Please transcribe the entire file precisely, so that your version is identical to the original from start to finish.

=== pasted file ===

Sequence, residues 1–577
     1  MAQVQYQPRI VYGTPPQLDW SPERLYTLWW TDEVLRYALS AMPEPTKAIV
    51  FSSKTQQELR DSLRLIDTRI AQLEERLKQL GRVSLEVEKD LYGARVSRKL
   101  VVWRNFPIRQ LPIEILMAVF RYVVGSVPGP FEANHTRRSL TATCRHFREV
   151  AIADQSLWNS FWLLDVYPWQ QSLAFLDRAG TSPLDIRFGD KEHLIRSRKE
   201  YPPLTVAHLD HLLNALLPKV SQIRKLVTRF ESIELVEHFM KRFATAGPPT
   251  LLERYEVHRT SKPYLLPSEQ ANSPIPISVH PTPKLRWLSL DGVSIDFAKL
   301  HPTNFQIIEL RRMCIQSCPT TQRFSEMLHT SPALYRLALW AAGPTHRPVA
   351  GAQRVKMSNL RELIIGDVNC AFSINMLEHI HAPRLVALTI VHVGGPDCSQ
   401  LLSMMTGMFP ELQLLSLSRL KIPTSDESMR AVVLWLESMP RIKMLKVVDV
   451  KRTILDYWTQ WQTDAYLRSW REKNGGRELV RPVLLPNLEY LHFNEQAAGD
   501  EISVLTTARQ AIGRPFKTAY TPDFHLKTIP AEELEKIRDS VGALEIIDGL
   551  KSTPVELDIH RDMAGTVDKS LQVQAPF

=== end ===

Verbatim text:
Sequence, residues 1–577
     1  MAQVQYQPRI VYGTPPQLDW SPERLYTLWW TDEVLRYALS AMPEPTKAIV
    51  FSSKTQQELR DSLRLIDTRI AQLEERLKQL GRVSLEVEKD LYGARVSRKL
   101  VVWRNFPIRQ LPIEILMAVF RYVVGSVPGP FEANHTRRSL TATCRHFREV
   151  AIADQSLWNS FWLLDVYPWQ QSLAFLDRAG TSPLDIRFGD KEHLIRSRKE
   201  YPPLTVAHLD HLLNALLPKV SQIRKLVTRF ESIELVEHFM KRFATAGPPT
   251  LLERYEVHRT SKPYLLPSEQ ANSPIPISVH PTPKLRWLSL DGVSIDFAKL
   301  HPTNFQIIEL RRMCIQSCPT TQRFSEMLHT SPALYRLALW AAGPTHRPVA
   351  GAQRVKMSNL RELIIGDVNC AFSINMLEHI HAPRLVALTI VHVGGPDCSQ
   401  LLSMMTGMFP ELQLLSLSRL KIPTSDESMR AVVLWLESMP RIKMLKVVDV
   451  KRTILDYWTQ WQTDAYLRSW REKNGGRELV RPVLLPNLEY LHFNEQAAGD
   501  EISVLTTARQ AIGRPFKTAY TPDFHLKTIP AEELEKIRDS VGALEIIDGL
   551  KSTPVELDIH RDMAGTVDKS LQVQAPF